Northumberland Zoo says goodbye to oldest resident Bert the raccoon
A zoo has said goodbye to one of its oldest residents - Bert the raccoon - who has died at the age of 13.
Northumberland Zoo paid tribute to Bert, who has lived there since 2010.
The raccoon was one of the zoo's first residents when he moved in at the age of nine months, after being attempted to be kept as a private pet.
In a statement on Facebook, the zoo said: "Bert has inspired and touched the hearts of so many staff and visitors over the years. He has been an amazing ambassador for his species."
They added Bert was put to sleep under anaesthetic following a check-up which found he was only using 10% of his lung capacity and his heart was failing.
Fans of Bert have been sharing their memories and pictures of him on social media.
One zoo goer wrote: "He was such a wonderful critter and brought so much joy. Rest easy bin bandit. You were so very loved."
Another said: "We came to this zoo solely to see Bert years and years ago and have visited regularly since. I was lucky to do an experience with just him and he left his muddy prints all over my coat and legs! This is such sad news."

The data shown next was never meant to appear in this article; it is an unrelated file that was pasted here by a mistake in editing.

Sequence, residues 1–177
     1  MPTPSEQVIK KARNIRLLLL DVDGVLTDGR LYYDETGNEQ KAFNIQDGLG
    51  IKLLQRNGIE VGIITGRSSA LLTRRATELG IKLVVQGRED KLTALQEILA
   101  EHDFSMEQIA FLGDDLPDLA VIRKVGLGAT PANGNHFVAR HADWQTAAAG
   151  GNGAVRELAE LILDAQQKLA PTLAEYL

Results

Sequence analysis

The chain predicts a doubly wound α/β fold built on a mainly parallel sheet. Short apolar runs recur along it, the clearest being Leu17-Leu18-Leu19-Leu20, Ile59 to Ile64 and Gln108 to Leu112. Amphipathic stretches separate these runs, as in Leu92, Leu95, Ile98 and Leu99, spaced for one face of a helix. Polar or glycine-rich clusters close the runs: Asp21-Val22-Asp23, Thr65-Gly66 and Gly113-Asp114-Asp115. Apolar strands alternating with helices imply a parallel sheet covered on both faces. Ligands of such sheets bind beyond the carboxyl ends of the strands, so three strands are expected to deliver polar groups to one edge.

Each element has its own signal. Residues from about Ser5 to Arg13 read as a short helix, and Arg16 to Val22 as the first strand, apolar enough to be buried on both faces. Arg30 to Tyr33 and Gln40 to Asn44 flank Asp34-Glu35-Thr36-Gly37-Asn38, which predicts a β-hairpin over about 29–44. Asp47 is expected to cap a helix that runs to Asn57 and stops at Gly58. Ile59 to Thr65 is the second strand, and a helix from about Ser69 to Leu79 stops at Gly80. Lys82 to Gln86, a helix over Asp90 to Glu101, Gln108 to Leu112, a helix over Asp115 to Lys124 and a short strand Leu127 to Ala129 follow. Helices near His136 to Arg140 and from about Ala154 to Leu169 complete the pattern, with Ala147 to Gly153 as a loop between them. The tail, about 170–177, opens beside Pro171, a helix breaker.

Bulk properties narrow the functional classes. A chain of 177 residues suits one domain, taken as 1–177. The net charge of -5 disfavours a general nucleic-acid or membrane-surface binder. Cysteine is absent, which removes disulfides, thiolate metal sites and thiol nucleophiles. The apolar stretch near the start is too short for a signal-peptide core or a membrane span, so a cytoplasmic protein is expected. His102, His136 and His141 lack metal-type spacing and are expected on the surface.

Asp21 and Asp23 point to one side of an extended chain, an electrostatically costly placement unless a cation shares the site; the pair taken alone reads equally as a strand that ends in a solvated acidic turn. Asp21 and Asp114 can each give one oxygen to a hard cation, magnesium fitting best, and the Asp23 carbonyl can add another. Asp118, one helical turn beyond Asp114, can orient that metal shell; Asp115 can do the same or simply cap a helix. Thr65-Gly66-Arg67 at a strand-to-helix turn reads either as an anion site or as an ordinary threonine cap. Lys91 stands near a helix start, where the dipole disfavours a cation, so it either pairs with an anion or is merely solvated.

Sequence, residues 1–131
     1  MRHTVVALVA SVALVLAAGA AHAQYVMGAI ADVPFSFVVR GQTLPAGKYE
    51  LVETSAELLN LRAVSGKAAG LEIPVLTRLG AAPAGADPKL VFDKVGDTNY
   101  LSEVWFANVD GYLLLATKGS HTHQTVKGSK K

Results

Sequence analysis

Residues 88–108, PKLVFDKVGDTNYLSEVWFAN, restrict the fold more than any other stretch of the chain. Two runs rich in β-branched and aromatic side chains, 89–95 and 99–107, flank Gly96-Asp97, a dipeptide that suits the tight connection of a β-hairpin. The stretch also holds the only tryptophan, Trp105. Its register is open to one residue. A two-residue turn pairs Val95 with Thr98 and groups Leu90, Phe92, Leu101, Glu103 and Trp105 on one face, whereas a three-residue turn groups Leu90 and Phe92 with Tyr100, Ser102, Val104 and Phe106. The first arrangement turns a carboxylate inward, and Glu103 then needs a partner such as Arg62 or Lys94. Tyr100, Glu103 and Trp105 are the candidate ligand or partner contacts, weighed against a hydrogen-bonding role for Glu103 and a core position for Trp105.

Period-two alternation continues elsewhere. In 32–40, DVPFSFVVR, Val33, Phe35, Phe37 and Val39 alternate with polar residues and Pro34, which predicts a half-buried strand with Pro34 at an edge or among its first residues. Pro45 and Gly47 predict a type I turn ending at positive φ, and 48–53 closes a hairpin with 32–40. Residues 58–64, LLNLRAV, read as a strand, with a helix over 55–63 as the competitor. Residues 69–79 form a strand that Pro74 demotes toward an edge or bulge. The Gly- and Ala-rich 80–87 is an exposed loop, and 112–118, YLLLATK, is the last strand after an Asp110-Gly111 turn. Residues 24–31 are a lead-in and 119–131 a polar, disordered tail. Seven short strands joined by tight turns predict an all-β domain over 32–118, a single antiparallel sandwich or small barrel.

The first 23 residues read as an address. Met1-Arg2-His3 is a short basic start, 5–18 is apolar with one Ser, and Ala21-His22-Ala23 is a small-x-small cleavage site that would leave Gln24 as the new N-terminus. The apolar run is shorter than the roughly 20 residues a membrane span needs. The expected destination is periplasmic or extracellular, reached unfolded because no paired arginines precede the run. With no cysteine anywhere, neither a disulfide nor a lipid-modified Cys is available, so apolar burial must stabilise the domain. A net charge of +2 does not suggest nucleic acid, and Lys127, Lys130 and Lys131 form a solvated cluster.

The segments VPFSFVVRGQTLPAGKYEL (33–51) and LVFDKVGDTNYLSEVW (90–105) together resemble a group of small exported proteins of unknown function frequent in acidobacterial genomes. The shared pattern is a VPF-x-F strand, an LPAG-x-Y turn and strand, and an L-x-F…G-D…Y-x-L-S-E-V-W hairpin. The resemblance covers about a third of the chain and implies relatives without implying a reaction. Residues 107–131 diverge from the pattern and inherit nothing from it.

He was also described as an "absolute star" with the "cutest face".
Raccoons are not native to the UK and are classed as an invasive species due to the number which are kept as pets and then released into the wild when they become too much for the owners.
Northumberland Zoo said the animals may "appear cute", however are "incredibly destructive, possessive and can be very aggressive".
The zoo has nine raccoons, which is one of the largest groups in Europe.
It added: "If you want to see and experience raccoons, then you can see them at a number of zoos in the UK and in the wilds of the Americas - please don't encourage the trade of these animals as pets."
People can watch the raccoons 24 hours a day on the zoo's live webcam, available on its app.
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